Saturday, July 19, 2014

The Confused Impulse

How does one approach normal physical and emotional relationships after a lifetime of only abusive or repressive relationships? A teenage orphan named Shun awkwardly attempts to begin a relationship with a prostitute in 1968's Nanami, The Inferno of First Love (初恋・地獄篇, The Inferno of First Love). It's slightly corny and the end of the film is a stupid piece of melodrama but it's also kind of sweet and has a few moments of genuine insight.

The film opens with Nanami (Kuniko Ishii), the prostitute, taking Shun (Akio Takahashi) to a hotel room. She undresses for him and they kiss and spend some time rolling around in bed but he's too shy to go any further.

So he tells her about himself, how after his mother abandoned him as a child he went to live with a couple who are more or less his foster parents. We learn later the stepfather sexually abuses Shun regularly, something a police psychiatrist unearths but for some reason does nothing about.

He hypnotises Shun in an interesting scene where we see his memories playing like a movie projected on a screen and, when he gets to the scenes of abuse from his stepfather, his stepmother (Kazuko Fukuda) steps in front of the projector, demanding the sessions stop, please.

In another instance where the film uses the concept of film in an interesting way, he accompanies Nanami to her former high school where a friend of hers is showing his student film. Shun initially is very rude to the other boy, obviously feeling jealous that Nanami is paying attention to someone else--Nanami, in a more benign display of immaturity, doesn't understand why Shun is being rude. The film is partially in colour--and The Inferno of First Love briefly switches to colour for it--and we see Shun empathising in spite of himself with the film about the young filmmaker's unrequited love for a classmate. I thought this was a nice way of showing how art and film in particular can be a healing influence.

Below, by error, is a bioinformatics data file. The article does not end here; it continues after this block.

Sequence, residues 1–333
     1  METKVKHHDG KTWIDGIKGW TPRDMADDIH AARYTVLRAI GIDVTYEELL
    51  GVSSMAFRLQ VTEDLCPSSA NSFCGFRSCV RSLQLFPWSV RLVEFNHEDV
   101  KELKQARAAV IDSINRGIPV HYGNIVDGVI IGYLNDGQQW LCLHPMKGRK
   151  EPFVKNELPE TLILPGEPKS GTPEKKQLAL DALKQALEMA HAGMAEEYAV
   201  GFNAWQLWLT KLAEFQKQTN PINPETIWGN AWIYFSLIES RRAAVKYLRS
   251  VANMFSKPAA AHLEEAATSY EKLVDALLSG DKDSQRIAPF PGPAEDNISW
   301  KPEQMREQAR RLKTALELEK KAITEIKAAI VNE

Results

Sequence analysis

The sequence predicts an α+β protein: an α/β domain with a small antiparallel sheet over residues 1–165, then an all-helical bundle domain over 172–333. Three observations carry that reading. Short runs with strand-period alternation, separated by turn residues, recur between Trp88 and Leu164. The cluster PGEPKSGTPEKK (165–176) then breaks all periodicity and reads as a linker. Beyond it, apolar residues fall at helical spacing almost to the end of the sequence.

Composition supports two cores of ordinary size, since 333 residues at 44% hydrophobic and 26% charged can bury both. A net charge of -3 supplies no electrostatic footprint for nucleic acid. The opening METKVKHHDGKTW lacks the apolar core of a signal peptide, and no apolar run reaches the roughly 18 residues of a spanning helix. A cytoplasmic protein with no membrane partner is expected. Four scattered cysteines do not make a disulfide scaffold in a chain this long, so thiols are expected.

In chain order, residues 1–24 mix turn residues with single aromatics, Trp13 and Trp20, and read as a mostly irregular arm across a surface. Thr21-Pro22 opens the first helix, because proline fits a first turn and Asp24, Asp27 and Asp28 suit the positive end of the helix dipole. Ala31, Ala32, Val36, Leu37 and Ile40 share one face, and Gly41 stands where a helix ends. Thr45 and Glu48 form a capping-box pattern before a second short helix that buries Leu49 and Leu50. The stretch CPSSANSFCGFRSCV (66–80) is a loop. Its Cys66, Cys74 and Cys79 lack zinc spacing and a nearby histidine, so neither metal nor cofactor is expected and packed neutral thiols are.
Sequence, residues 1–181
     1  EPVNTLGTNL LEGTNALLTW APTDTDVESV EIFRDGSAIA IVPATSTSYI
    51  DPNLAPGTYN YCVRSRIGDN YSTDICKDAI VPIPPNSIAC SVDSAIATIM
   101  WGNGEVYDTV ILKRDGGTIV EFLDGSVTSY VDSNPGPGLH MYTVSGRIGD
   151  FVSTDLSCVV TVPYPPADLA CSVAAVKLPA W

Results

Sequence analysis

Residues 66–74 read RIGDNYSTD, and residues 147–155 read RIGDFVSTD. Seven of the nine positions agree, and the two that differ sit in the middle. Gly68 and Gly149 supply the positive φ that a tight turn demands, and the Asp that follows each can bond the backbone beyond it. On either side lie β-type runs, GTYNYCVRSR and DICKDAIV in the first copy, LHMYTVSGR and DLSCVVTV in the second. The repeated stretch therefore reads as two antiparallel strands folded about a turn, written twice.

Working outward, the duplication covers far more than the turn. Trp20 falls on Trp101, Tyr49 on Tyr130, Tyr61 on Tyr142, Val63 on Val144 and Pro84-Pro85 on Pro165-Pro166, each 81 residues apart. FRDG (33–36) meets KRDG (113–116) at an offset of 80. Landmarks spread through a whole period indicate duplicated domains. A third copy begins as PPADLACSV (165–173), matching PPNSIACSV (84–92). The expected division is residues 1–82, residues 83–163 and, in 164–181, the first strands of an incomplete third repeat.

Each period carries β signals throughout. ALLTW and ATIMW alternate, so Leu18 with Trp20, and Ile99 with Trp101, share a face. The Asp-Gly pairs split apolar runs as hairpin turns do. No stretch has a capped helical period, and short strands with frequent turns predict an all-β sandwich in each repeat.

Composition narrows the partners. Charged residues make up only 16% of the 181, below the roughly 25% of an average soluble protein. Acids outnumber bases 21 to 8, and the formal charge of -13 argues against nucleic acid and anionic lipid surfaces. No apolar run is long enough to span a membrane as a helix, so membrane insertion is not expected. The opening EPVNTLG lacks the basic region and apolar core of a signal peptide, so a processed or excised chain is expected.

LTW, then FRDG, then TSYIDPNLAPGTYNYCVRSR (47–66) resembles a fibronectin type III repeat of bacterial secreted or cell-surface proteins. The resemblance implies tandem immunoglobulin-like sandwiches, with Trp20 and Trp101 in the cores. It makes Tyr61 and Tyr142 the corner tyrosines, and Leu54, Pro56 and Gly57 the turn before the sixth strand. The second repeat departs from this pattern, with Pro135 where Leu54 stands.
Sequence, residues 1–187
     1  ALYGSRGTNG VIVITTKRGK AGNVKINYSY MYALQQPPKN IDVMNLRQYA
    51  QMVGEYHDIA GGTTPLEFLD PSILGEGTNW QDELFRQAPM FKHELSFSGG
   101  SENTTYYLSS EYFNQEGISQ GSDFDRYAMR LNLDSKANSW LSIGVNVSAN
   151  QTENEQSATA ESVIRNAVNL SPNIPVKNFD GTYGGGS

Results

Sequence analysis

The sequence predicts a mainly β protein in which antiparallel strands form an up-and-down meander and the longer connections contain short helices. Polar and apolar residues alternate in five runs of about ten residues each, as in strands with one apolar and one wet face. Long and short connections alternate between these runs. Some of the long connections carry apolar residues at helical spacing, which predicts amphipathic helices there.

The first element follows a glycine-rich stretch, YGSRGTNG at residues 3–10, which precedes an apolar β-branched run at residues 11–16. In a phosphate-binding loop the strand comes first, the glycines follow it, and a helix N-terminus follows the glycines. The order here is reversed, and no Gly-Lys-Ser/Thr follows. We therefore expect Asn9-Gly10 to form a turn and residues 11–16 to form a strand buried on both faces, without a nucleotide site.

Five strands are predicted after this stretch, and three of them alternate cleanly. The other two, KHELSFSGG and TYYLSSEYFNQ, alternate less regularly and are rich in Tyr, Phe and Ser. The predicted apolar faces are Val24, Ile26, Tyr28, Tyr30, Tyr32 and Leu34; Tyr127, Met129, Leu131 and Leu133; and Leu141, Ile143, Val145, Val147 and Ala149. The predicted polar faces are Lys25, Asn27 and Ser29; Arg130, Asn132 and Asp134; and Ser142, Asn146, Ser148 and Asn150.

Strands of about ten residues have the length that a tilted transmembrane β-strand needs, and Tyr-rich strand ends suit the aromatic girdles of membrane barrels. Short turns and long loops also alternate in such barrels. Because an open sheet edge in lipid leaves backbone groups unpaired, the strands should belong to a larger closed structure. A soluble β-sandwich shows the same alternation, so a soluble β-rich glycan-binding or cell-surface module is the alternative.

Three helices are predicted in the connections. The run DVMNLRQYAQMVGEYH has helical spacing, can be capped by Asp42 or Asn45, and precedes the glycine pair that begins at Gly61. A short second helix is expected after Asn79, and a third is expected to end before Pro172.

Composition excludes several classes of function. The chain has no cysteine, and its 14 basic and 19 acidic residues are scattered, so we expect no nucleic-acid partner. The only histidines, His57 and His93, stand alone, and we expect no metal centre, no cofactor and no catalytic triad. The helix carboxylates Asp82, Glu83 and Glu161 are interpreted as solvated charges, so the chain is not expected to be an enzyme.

Shun's best friend is a prepubescent girl he meets sometimes in the park. Although he's attacked by a mob who thinks he's a paedophile in one over the top scene, Shun clearly seems to bond with the child because they're close to the same level of emotional development. He's frightened of sexuality as we see in one overlong scene where he follows Nanami into a basement studio where she poses for fetish photos.

Nanami also tells Shun about herself in that first hotel room scene, how she had started out posing for nude photos before gradually becoming a prostitute. Her parents were the ones who originally sent her to work as a nude model and her life is quite innocent in comparison to Shun's. Though I think the filmmakers may have been slightly more critical of her career than the film succeeded in being--in one funny scene, a crazed food cart proprietor strips down and poses in the street.

A friend calls Nanami outside to laugh at the man and Nanami unconsciously comes outside half naked, nonetheless laughing at how silly it is for someone to be posing nude for the public.

But despite the English title, the film's much more about Shun. Nanami seems to basically be leading a happy, stable life while Shun seems as though he might never fight his way through the fog of distorted feelings life has generated around him.

No comments:

Post a Comment